Kristofor Behn of Fieldstone Financial Management Group LLC in Boston, expresses an opinion that seems to reflect the experiences these other advisors are having: "My sense is the smaller one- to two-person law firms will have trouble competing. However, there's something to be said for having multiple professionals involved in a client relationship so, if a larger firm can partner with a fee-only advisory firm, that solves the marketing problem for both of them."
    In the end, though, doesn't it all come down to personality? Let's face it, this profession has for some time been moving toward an advisory process that blends traditional number-crunching with counseling-the act of really listening to our clients and continuously helping them reach beyond goals like "retirement security" that are critical, yet superficial in their lack of definition. So the question is, are the personality types drawn to the legal profession (or the accounting profession, for that matter) well-suited to giving financial advice-a discipline that increasingly draws on both the left and right brain?
    No, according to David Maister, a Harvard Business School student and an authority on the management of professional service firms. "There are always shining counterexamples but, in general, lawyers are more in love with the law than with their clients. 'People people' are not naturally drawn to the profession of law."  
    After he graduated from Harvard knowing a lot about business, Maister was shocked to find out the world was full of people. "If you're going for an advanced degree, odds are high that you like intellectual games, things of the mind, which means the generalizations are by and large true: lawyers are smarter than your average person but not naturally people-oriented."
    In addition, success in the legal profession, says Maister, demands adherence to four principles: trust no one, challenge ideology, be professionally detached and don't finalize any decision. "Lawyers are professional skeptics," he says. "They are selected, trained and hired to be pessimistic and to spot flaws. To protect their clients, they place the worst possible construction on the outcome of any idea or proposal and on the motives, intentions and likely behaviors of those they are dealing with. As Tony Sacker, my brother-in-law and a solicitor in the United Kingdom, says: 'I am paid to have a nasty, suspicious mind.'"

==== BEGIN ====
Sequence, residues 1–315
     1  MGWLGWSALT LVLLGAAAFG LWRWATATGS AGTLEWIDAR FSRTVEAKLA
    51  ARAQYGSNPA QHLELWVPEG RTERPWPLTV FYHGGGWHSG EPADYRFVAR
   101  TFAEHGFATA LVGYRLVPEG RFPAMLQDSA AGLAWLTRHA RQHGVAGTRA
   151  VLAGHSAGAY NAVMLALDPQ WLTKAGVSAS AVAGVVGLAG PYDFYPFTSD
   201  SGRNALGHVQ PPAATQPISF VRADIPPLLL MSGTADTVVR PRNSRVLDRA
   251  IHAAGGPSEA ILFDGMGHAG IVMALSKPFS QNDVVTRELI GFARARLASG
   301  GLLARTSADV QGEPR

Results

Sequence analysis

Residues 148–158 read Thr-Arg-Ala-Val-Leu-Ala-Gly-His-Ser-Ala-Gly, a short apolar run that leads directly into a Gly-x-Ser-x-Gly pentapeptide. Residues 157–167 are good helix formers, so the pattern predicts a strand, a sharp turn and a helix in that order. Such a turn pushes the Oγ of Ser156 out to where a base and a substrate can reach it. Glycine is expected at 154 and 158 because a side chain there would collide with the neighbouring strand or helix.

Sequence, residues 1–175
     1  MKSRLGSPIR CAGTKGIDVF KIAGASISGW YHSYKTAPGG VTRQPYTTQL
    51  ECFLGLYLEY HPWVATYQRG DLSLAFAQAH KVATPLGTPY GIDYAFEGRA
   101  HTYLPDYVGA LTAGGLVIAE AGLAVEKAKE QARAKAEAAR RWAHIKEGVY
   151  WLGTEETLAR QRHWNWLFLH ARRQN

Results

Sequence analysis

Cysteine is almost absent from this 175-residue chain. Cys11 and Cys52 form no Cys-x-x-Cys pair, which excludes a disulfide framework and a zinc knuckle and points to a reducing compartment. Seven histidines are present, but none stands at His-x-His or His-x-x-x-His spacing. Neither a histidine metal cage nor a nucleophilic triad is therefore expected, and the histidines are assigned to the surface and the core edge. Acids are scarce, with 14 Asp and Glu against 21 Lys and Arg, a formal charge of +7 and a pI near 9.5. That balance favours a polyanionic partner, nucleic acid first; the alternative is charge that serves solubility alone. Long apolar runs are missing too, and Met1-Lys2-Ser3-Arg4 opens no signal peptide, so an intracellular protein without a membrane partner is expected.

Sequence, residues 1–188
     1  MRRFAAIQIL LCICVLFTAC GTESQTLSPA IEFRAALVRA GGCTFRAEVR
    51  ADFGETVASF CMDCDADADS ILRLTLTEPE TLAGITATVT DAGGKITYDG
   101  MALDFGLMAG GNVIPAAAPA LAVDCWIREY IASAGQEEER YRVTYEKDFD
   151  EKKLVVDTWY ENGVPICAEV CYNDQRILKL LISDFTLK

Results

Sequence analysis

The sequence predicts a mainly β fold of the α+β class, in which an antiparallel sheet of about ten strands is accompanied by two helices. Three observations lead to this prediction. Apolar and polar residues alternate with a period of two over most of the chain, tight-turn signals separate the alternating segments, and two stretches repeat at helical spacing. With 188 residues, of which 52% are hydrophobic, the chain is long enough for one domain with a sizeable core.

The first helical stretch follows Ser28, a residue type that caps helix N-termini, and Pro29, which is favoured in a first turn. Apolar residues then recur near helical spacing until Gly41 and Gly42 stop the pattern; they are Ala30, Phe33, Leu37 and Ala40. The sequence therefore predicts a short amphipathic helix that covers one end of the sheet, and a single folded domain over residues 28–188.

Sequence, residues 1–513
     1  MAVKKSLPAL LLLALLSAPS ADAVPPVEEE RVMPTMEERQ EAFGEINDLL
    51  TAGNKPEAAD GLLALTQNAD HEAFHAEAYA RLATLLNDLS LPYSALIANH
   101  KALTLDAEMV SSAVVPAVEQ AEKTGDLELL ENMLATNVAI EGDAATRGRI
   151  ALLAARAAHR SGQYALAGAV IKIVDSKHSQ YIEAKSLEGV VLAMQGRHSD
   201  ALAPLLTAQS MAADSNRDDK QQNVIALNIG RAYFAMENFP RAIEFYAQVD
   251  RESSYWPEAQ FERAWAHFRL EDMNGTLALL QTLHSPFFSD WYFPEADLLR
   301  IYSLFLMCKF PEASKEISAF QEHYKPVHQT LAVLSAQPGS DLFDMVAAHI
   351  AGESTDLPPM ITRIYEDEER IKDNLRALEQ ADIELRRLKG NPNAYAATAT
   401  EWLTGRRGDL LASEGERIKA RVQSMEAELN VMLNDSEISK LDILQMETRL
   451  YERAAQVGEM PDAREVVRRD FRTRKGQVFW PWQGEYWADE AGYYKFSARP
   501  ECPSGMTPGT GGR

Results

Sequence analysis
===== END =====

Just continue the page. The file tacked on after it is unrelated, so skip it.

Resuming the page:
According to Maister, the single biggest source of trust in an organization occurs when everyone acts in accordance with a commonly held, strictly observed set of principles, or mission statement, such as, "Our clients' interests always come first." "Commercial benefits do not come simply from encouraging these principles but from actually achieving an organization where partner behavior is consistent with them." Yet, he says, law firms appear unable to achieve this level of ideological consistency.
    Professional detachment is the third requirement for success. "As researchers have shown, lawyers score low in the areas of intimacy skills and sociability. This doesn't mean they don't like people. It just means that, statistically speaking, lawyers prefer focusing on the job at hand rather than investing in relationships with partners or clients."
    Finally, it doesn't pay for lawyers to finalize decisions in a way that's common to the financial advisory profession. Maister explains it this way: "The essence of lawyers' training is to contest with other lawyers. In a room full of lawyers, any idea, no matter how brilliant, will be instantly attacked. A common strategy, therefore, is to keep all proposals ambiguous so that there is nothing specific to be attacked."
    The resulting indecision, says Maister, isn't necessarily a problem for lawyers. "My own attorney pointed out, 'You are taught in law school that there are no right answers. We are trained to be indecisive and we're comfortable with a lack of closure.'"
    In the end, my best guess is that, on a smaller scale, the attorney-as-financial-advisor phenomenon will look a lot like the CPA-as-financial-advisor phenomenon: some will succeed, most will not. The ones who succeed may well have not been good lawyer material in the first place. On a larger scale, some firms will make it work, just as the major accounting firms have made financial services work. How much competition they will pose, though, remains to be seen.

David J. Drucker, M.B.A., CFP, an independent financial advisor since 1981, now writes, speaks and consults with other advisors as president of Drucker Knowledge Systems. Learn more about him at or at